TAMPA — Ann Nixon Cooper lived to vote for an African-American man for president, and she lived to see him win.
She lived to watch him enumerate the historic moments she'd witnessed, and at the conclusion of his victory speech, to hear him mention her name.
She lived 107 years.
On Monday, at home in Atlanta, she died.
Her grandson, Times columnist Ernest Hooper, updated readers about her just three days earlier. Her life has been made into a book, A Century and Some Change: My Life Before the President Called My Name. It goes on sale in January.
He mentioned some highlights — her coming of age in Nashville after the first World War, and her gentlemen admirers; her pregnancy in times of segregation, and the births of her two oldest children in a makeshift clinic; the Coca-Cola she enjoyed at a department store lunch counter, when it finally integrated.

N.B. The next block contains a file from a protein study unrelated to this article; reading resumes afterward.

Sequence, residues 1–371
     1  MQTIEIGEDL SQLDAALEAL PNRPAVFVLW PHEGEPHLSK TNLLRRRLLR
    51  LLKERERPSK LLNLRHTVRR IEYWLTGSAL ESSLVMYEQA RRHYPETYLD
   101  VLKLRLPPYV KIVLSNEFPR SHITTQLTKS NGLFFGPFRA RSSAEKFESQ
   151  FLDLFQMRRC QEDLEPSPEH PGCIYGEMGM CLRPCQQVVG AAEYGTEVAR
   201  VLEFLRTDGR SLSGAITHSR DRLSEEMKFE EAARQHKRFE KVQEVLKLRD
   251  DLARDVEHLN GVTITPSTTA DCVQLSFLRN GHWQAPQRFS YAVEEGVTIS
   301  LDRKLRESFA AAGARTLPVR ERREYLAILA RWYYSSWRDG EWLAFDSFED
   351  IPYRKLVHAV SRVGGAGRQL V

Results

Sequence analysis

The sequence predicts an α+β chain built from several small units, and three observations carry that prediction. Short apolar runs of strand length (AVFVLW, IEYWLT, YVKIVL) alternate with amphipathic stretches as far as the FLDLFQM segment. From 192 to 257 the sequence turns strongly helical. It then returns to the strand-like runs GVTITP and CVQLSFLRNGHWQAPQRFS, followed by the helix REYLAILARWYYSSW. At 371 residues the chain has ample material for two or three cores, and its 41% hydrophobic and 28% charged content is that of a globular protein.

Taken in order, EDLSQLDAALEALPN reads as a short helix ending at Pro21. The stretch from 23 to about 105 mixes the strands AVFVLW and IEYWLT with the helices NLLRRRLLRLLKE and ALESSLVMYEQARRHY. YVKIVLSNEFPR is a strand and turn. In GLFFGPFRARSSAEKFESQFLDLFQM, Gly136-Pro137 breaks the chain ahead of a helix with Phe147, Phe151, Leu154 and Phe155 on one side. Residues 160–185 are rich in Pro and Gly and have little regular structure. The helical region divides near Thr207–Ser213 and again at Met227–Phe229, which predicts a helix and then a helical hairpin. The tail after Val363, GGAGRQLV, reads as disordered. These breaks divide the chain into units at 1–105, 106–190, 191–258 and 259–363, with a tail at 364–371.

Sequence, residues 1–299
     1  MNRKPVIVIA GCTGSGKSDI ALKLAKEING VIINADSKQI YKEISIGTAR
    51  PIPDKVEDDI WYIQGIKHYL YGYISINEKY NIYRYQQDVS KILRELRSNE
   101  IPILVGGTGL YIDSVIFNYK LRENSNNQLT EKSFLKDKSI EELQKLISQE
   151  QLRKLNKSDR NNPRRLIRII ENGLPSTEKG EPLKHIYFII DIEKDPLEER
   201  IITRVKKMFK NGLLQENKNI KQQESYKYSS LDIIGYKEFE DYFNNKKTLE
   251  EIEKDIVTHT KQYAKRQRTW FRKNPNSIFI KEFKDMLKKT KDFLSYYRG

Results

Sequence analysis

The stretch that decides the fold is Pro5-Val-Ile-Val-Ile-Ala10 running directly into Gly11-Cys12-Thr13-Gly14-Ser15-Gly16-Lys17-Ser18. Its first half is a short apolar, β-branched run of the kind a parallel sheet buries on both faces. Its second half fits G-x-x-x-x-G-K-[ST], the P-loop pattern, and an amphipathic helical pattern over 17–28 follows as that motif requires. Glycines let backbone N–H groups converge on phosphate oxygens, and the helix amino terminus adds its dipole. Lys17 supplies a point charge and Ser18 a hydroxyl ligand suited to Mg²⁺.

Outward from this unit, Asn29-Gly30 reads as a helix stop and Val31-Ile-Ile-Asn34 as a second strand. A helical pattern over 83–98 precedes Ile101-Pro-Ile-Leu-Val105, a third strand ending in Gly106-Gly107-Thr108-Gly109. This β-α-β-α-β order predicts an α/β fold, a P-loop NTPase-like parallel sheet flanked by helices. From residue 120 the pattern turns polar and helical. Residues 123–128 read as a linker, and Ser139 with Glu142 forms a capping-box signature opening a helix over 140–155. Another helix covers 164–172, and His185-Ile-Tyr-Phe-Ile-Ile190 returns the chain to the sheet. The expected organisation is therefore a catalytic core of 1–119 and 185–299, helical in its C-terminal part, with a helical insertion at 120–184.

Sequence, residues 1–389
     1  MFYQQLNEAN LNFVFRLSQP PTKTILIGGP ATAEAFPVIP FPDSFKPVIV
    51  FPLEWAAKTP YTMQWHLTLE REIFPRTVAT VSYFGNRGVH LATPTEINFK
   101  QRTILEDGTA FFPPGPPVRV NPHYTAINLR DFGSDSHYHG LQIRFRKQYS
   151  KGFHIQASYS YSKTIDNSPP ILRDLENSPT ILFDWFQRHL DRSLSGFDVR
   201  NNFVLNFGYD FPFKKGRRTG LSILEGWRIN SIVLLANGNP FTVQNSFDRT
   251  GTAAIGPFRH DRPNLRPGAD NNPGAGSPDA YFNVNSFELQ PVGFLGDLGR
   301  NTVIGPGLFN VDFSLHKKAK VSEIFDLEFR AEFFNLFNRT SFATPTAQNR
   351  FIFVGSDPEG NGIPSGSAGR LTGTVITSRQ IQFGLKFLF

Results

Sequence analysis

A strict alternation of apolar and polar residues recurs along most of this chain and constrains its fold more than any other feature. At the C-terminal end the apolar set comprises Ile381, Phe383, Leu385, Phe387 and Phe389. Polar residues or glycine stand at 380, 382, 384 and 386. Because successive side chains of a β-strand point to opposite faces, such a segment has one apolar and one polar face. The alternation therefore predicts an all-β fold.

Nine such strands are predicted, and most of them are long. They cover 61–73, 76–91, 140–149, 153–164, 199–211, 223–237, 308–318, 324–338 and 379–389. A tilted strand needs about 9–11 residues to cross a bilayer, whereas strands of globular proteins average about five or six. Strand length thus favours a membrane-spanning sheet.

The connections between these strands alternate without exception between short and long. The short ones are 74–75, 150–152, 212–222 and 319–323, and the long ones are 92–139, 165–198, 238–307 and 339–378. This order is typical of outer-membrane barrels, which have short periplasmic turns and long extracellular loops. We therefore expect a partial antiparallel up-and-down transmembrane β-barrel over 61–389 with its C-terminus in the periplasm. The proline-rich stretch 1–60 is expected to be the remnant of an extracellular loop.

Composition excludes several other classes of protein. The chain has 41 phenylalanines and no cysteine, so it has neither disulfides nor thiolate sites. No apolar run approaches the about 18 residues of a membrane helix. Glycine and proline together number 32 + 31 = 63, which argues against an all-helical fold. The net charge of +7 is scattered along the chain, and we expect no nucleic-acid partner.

"Knowing that her health was failing, I was reluctant to write about her book," Hooper said. "However, I thought it was important to share with her through my column how proud I am of her life and her legacy before she passed on."
Funeral arrangements are pending.
Mrs. Cooper was the third youngest of eight children, born on a farm in Shelbyville, Tenn. Twenty years later, she married Dr. Albert Berry Cooper Jr., and they moved to Atlanta where he had begun a dental practice. They had four children.
She became active in Atlanta's civic and cultural life and founded or helped to found several organizations that remain Atlanta institutions, such as the Gate City Day Nursery Association, the Girls Club Guild and Troop 95, Atlanta's first black Boy Scout troop.
She also worked on voter education and registration, and insisted on voting in every election, "because there were so many years we weren't allowed to vote, you know. I felt I had to, and I wanted to."
Barack Obama became aware of Mrs. Cooper after CNN profiled her as she cast her vote at a local precinct in Atlanta in 2008. The night of his election, as she sipped wine and nibbled on cookies, she heard him say this:
"So tonight, let us ask ourselves, if our children should live to see the next century, if my daughters should be so lucky to live as long as Ann Nixon Cooper, what change will they see? What progress will we have made?
"This is our chance to answer that call. This is our moment."